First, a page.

Since 2004 it has been American policy to deny entry into the United States of corrupt foreign officials and their immediate families. President George W. Bush initiated the policy by presidential order, and in 2008 Congress added its voice, enacting legislation barring “foreign kleptocrats involved in the extraction of natural resources” from entering the United States. Beginning in 2012, the Congressional ban was extended to include all those involved in “significant corruption,” and in 2014 the provision was expanded again to cover foreign officials involved in “a gross violation of human rights.” The following year Congress clarified that designations may be made publicly or privately.
The first public designation was made in 2018 (Albanian judge and prosecutor Adriatik Llalla), and since then more than 150 individuals from over 30 countries have been publicly barred from entry — either for corruption or human rights violations. Although the State Department web site does not keep a running list of those who have been barred, the NGO Human Rights First does. A spreadsheet available on its website can be sorted by country, crime, date, and other fields and includes links to each State Department sanctions announcement. It is updated whenever new sanctions are announced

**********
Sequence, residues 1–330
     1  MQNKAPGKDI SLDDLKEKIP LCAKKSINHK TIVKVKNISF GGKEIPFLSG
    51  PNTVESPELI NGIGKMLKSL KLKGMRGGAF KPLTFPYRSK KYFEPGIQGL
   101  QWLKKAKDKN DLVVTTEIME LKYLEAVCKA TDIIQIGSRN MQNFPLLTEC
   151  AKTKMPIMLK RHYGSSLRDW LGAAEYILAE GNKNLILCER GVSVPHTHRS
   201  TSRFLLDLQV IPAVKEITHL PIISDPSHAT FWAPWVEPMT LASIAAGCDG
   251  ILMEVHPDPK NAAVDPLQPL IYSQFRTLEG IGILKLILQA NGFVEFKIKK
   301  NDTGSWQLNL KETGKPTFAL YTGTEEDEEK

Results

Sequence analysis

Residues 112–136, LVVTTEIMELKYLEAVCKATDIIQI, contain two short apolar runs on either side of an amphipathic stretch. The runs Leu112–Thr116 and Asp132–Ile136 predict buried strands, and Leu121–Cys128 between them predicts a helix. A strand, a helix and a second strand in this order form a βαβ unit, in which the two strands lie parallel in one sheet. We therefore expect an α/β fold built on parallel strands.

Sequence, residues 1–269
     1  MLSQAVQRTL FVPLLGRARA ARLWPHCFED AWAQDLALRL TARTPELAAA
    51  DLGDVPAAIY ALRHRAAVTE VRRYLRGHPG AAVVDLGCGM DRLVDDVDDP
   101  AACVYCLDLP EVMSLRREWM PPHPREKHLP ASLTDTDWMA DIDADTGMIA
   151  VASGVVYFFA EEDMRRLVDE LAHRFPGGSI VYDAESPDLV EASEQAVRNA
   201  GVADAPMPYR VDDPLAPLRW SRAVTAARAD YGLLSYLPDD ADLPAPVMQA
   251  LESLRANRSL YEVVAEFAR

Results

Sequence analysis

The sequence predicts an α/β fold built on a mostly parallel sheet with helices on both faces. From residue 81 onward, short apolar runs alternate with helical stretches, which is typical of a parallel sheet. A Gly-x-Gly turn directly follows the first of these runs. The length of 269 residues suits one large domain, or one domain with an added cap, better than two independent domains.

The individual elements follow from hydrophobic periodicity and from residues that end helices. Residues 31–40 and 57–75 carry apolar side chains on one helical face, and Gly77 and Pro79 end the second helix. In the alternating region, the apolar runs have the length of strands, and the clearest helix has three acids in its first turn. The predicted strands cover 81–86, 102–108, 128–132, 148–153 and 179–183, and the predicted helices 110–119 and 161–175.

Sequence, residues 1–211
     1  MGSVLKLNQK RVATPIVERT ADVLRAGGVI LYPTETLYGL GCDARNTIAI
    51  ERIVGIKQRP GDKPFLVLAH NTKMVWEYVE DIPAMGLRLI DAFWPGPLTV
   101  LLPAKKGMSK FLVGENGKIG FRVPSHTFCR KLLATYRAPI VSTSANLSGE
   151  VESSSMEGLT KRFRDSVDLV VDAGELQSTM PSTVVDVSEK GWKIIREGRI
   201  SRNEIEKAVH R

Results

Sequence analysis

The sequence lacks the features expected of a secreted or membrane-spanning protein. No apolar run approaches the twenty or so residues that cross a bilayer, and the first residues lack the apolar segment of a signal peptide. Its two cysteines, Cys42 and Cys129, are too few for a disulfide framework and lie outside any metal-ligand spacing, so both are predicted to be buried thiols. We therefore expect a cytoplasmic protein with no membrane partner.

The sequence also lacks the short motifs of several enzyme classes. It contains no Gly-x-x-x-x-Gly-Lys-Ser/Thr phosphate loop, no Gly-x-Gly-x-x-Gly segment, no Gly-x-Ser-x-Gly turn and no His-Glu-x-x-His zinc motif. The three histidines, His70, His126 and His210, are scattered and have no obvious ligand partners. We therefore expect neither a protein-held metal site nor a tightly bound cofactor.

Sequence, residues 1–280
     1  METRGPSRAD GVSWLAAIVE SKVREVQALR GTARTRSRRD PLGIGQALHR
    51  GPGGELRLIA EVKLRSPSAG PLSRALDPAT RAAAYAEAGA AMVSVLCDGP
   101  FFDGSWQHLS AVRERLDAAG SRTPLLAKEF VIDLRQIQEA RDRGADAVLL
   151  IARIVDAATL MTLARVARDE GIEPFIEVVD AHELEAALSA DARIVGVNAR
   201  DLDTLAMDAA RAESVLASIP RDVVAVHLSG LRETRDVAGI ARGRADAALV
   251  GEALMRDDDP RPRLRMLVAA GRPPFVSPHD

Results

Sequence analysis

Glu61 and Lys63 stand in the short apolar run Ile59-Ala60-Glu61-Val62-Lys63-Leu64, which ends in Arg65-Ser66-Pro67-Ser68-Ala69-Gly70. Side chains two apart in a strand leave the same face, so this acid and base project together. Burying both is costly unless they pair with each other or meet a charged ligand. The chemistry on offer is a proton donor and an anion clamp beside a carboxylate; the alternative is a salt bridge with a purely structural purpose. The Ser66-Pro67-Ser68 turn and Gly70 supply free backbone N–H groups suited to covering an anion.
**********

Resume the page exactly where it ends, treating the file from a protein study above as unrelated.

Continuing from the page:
The Department encourage civil society activists, foreign diplomats, and others with information relevant to the designation process to contact it. The best way is through its personnel in the field as designations typically arise from recommendations made by U.S. embassy staff.
Two excellent descriptions and discussions of the visa denial policy by analysts at the Library of Congress’ Congressional Research Service are here and here.
The Human Right First spreadsheet, “U.S. Government Public Section 7031(c) Sanctions Designations to Date,” can be accessed here.
GAB contributor Daniel Binette’s recommendations for greater clarity in how visa denial decisions are made is here.